Thursday, May 31, 2012

TIR - If you aren't dying, keep riding

A series I started on the Graduate Riding School page that I thought fit under the "riding theory" so will be included here. It investigates Traits of Improving Riders -- what makes some riders improve faster than others?

One of the amazing trainers I had the honour of training under a few years ago has recently published a book titled "How Good Riders Get Good" which discusses his views on how the external factors and choices beyond sheer riding ability make the difference between an average rider and a good one.

While his book focuses on the elite of the elite, I've noticed many of the same trends in my riders who are mostly either just starting out on their competitive careers or coming back to riding after some time off.   And over the last six months or so, some of them (Chelsea, Emily - till she moved way far away BOO -, Amy, Brena, Rowan, Kennedy...   To name a few :) have totally skyrocketed in their abilities.  The before and after is SO gratifying to see.  What interests me is what makes some riders progress so much more consistently than others.  One of the obvious factors is time - all of these riders ride at least twice/week, some as many as four or five times.  But lots of riders do that, and they don't all increase at that rate (although given the size of my school - I'm pretty happy with the percentage that do!  ;-)

So I thought I'd take a few blog posts over the next couple weeks to examine the traits that I feel make the difference in these riders.  I know which daemons I fight the most -- and I suspect most of the reriders have a more extreme version of some of the same issues *g*.   But the first step to improving is acknowledging the problem!  So have fun, consider carefully, and - as always, comments very welcome :)

For today's post, the concept is so very simple -- if you want to ride well, RIDE.   Every chance you get.  On any horse that's safe for your abilities; whether you like them or not :)    I was teaching a dressage lesson the other day and the rider was working *really* hard.  So I asked if she was dying (aka did she need a break).  "No, I'm ok."  And my immediate response: "well then, keep riding."  Which got a laugh out of her and then made me think a bit because I wasn't entirely joking.  She's one of my more determined students, so I can say things like that to her, but the idea is totally valid.  If you want to improve, you have to push past your comfort zone -- which means keep going even when it's hard.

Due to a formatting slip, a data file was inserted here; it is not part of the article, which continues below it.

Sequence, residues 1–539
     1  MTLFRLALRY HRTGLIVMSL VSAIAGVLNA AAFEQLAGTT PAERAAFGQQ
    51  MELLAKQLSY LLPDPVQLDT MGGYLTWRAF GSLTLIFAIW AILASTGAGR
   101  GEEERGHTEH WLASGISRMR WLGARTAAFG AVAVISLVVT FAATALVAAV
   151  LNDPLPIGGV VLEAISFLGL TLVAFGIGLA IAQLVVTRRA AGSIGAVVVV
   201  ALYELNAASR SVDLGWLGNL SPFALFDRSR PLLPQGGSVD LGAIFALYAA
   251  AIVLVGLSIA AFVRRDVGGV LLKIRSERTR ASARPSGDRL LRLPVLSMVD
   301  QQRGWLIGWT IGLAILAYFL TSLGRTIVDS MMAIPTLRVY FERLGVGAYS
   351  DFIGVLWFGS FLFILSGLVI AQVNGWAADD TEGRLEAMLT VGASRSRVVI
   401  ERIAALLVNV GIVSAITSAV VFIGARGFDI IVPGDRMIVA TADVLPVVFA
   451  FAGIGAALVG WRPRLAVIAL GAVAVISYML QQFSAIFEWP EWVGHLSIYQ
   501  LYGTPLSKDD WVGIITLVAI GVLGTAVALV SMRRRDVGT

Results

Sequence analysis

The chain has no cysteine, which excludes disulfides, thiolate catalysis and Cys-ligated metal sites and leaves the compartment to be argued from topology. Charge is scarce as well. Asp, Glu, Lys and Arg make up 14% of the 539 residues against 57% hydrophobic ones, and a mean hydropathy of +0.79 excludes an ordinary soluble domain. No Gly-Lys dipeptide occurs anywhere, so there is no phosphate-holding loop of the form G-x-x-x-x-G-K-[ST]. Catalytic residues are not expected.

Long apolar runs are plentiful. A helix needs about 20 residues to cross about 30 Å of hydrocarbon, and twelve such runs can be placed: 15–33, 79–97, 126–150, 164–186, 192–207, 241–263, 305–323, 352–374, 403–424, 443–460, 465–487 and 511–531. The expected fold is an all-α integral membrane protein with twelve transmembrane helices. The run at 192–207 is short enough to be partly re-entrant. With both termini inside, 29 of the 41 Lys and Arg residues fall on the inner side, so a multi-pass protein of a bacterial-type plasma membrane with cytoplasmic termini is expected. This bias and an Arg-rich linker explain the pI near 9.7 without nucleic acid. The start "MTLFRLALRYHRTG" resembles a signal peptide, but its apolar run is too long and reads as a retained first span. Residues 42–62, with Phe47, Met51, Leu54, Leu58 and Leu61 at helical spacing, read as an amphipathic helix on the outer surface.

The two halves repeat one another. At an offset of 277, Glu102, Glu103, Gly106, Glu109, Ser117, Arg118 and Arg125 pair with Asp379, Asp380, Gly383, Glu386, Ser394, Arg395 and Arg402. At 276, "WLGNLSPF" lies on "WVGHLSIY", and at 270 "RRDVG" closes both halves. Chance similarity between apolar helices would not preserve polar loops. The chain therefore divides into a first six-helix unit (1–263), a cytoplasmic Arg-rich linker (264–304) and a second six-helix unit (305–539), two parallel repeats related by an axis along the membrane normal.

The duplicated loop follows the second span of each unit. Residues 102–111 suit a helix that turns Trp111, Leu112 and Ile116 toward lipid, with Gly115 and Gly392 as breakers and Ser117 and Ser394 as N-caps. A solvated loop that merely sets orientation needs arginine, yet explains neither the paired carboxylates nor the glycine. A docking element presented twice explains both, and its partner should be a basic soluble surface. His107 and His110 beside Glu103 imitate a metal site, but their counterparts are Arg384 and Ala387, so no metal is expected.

And I'll tell you -- as one looking after a barn full of horses, 9 of which are mine -- some days it IS hard.   There are *often* days that I'm too tired or too busy to ride and it's brutal.  But almost always I drag myself into the saddle anyways.   And about %80 of the time I feel better afterwards than I did before.  I'll admit that mid-winter I get slightly less dedicated and will occasionally offer my horse to students to ride instead (and being well-trained and very determined themselves will *always* take the extra ride :) but that goes away pretty fast when show season rolls along.   hahaha Currently my horse is being ridden 6 days/week.  And she's being *ridden* -- not just sat on.  So if it has to be a short ride, that's ok -- because half an hour where Every. Step. Counts.  is always going to be far more effective than a two-hour stroll around the ring.

Now don't get me wrong - if you are *actually* sick or injured - then maybe you need a break.  Riding with one leg in a cast is not going to help anything!  But tired or sore or nqr -- maybe, just maybe, riding will help :)   I usually find it does.

And if it's too cold to ride.  Or too wet.  Or too windy (yes I've heard that!  More on creative excuses in another post :).  Or you're too tired.  Or too busy.  Then that's totally fine.  But realize that it makes you a fair-weather rider, and I've yet to ever hear of that designation being applied to one of the best.   If riding is a fun hobby to do when the world is good, that's totally kewl - and there is a LARGE group of people to whom this applies.  Love it.  Have fun.  The end.   But these are not the people these posts target.

And for those still reading - it's that simple.  If you want to ride, ride.   If you're determined enough, you can make it happen.   Make friends and carpool if you don't have a car.  There are lots of ways to earn extra rides if you lack the finances (my situation forever!)  Don't turn down any offer just because the horse isn't your favourite to ride -- every horse has something to teach every rider; if you're not learning from him, you're not listening to what he's teaching.  Any chance you get, ride.

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